Geithner Set to Protect Current “Free” Trade Regime
The facts are grimmer than people would like to admit: Iceland’s economy is expected to contract by 10%, Spain has an unemployment rate of 14.4% It is no wonder that unemployment is seen as causing a "threat to stability." That is because it is booming world wide. There is a bull market for bear claws across hiring.
However, there is an open question, is this "threat to stability," really as bad as the New York Times presents it? The Financial Times admits that the goal of policy makers is not to restore world growth and employment, but instead to protect the current trade and financial system. What is interesting, is that given a choice even conservatives are now saying it is time to nationalize the banks:
“I think they know how big it is, but they don’t want to say how big it is. It’s so big they can’t acknowledge it,” said John H. Makin, an economist at the American Enterprise Institute, referring to administration officials. “The lesson from Japan in the 1990s was that they should have stepped up and nationalized the banks.”
So when it comes time to vote the banks, or the current trade regime off the island, the banks are set to be snuffed out. The G7 ministers are fine on big stimulus bills, nationalization, but "protectionism," is dangerous:
But in a statement after the meeting, new US Treasury Secretary Timothy Geithner dismissed such concerns.
"All countries need to sustain a commitment to open trade and investment policies which are essential to economic growth and prosperity," he said.
Ministers also called for urgent reform to the International Monetary Fund, saying the crisis had shown weaknesses in the world financial system.
"We agree that a reformed IMF, endowed with additional resources, is crucial to respond effectively and and flexibly to the current crisis," the ministers’ statement said.
Other points included:
- Praise for recent economic moves by China;
- Help for banks; and
- The need for a speedy end to the Doha talks on world trade
The G7 comprises the US, the UK, Japan, Germany, France, Italy and Canada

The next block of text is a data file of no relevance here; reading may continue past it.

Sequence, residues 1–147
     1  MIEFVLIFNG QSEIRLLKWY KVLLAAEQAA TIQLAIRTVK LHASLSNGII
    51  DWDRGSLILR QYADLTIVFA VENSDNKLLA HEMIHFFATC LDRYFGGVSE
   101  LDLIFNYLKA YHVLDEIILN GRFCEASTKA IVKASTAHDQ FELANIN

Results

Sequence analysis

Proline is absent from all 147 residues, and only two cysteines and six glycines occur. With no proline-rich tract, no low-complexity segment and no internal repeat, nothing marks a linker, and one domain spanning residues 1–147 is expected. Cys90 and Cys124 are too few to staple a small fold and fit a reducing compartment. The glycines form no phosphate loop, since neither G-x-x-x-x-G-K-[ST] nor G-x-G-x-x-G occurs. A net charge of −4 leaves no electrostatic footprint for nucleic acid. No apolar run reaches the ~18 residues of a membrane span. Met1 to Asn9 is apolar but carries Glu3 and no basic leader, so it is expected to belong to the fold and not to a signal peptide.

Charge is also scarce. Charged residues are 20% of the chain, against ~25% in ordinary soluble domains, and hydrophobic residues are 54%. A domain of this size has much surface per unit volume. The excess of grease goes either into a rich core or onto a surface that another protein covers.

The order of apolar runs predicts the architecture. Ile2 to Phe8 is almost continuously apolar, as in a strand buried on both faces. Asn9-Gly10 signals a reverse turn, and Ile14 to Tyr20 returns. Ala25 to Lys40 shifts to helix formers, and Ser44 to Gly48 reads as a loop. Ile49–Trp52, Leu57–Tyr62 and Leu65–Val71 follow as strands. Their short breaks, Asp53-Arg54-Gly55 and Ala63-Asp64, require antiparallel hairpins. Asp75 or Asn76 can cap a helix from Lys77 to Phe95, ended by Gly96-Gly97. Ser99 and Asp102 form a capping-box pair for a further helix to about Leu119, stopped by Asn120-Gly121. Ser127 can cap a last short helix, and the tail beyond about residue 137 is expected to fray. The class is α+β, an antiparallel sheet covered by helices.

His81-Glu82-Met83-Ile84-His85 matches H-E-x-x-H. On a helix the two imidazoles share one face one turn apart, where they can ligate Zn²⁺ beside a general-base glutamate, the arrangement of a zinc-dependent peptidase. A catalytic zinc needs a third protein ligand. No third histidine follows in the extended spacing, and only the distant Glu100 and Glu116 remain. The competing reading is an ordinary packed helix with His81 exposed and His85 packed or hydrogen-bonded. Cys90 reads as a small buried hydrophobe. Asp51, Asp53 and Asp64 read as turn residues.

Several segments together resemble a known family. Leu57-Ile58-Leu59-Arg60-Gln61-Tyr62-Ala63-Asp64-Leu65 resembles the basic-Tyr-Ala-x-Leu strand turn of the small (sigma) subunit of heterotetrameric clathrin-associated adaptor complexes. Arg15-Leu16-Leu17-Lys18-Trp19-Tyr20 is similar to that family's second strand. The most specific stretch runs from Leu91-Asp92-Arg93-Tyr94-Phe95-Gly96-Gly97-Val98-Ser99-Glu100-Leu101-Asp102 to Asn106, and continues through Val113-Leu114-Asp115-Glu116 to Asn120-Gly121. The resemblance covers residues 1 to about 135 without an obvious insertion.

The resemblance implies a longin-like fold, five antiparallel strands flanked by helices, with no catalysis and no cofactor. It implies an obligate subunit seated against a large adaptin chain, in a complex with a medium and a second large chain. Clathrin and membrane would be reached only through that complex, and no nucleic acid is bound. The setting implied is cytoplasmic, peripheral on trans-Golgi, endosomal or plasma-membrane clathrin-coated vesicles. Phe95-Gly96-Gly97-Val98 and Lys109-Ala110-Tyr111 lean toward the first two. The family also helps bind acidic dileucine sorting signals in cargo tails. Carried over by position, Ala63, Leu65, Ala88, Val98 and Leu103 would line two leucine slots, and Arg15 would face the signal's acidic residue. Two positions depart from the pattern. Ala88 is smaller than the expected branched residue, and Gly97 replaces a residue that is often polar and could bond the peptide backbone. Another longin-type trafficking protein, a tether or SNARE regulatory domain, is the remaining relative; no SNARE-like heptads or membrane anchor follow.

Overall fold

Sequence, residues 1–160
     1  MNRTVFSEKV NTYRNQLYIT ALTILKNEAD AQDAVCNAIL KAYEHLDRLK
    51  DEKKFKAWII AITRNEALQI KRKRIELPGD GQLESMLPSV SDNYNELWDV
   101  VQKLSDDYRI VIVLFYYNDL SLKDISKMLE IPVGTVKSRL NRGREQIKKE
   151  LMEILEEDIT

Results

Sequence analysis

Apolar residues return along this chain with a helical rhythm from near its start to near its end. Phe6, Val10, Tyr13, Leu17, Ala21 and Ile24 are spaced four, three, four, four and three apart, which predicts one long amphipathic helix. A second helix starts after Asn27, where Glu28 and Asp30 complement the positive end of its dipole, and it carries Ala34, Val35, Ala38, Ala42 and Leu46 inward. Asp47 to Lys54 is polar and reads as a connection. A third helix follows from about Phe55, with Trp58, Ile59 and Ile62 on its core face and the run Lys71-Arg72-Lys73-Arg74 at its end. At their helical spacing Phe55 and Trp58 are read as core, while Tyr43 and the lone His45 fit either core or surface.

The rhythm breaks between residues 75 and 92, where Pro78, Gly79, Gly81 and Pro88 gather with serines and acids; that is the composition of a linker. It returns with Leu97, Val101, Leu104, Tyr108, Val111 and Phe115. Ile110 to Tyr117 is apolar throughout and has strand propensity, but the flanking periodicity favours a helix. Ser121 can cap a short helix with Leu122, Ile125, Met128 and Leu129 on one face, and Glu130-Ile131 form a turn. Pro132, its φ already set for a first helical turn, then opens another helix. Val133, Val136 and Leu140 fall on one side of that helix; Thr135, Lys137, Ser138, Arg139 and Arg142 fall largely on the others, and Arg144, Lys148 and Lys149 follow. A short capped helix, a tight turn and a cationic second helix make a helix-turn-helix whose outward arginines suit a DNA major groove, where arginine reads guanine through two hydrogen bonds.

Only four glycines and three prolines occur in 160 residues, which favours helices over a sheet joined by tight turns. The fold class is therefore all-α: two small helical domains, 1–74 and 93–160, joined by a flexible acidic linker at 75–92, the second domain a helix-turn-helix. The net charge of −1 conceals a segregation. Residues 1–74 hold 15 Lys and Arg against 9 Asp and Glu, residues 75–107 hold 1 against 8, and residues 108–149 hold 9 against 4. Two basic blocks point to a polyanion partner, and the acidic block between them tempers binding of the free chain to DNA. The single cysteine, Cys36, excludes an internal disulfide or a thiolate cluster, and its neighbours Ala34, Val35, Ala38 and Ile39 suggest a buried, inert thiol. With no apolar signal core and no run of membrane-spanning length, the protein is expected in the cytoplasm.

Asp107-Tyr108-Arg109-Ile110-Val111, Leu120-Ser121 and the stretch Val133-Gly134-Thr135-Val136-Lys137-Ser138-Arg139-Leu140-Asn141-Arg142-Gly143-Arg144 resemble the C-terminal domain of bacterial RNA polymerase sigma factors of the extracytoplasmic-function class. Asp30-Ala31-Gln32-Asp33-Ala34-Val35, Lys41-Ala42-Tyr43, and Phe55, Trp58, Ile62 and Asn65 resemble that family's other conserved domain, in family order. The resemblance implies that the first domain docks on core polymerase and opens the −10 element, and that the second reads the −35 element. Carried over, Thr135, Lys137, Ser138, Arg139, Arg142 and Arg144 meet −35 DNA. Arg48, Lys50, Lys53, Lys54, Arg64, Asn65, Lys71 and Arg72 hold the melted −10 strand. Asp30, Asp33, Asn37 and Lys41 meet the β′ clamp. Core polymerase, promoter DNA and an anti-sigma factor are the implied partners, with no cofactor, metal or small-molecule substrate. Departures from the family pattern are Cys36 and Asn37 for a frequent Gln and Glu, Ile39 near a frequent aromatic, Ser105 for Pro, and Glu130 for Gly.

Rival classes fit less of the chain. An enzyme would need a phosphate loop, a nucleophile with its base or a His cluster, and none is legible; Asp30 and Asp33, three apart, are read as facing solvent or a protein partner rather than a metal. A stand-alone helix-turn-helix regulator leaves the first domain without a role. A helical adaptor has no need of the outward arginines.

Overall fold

What is going on here is this: the people who have risen to the top of the current financial pyramid have done so by exploiting a relatively simple system which swaps US paper, for foreign oil, and turns the result into suburbia. Then the rest of the world sells things to fill suburbia with. We are not in paradise, but we are bobos.
This means that protecting that basic mechanism is paramount. Virtually every business model requires protectionism: the US home industry is sheltered from the outside. The ability to sell into the US is what the economies of virtually every other developed, or developing, nation relies on. What has happened right now is that the satellites of these nations are getting hit very hard, harder, even than the core exporters to the US. Consider that Spain, Ireland, and Iceland – three of the hardest hit nations – were offshoring havens, not for the US, but for the United Kingdom.
Last year Ha-Joon Chang outlined what he called "the case for forward looking protectionism." But even this does not utter a word about what is the most important engine of protectionism in the US: the systematic favoring of industries which, because of their costs of transportation or location, or economic sensitivity, do not face significant competition from abroad. Free trade rests on the idea of comparative advantage, which means the converse, trade regimes which are not about comparative advantage, are not really about free trade but in some other mechanism.
During the Asian financial crisis, many nations, lead by Malaysia, engaged in practices which were condemned as protectionist: including currency controls. But, in general, the nations that did this recovered more quickly, and remained healthier. The orthodoxy that allowing free capital flows as the superior option was disproven. Now here is the crucial point: we have admitted that banks are bankrupt, and they need to be nationalized. But the trade order relies on the banks and their capital flows. The obvious conclusion is that if the banks that ran the capital flows are bankrupt, then the theory that the capital flows themselves are an essential engine of progress is also bankrupt.
What has crushed the economies of Britain, Spain, and Iceland, and constricted even the Chinese Dragon, is that too much of global production is focused on consumption for the US, and too little to meet the wider needs of a wider world. This focus on ultra-consumption has left these economies with no base should the cream of US demand fall. It is unhealthy for everyone, because what is happening is not nations trading goods that all desire to produce one global market, but nations fighting, still, to satiate the desires of the US consumer, with goods that have no real value to their own populations relative to what needs to be done.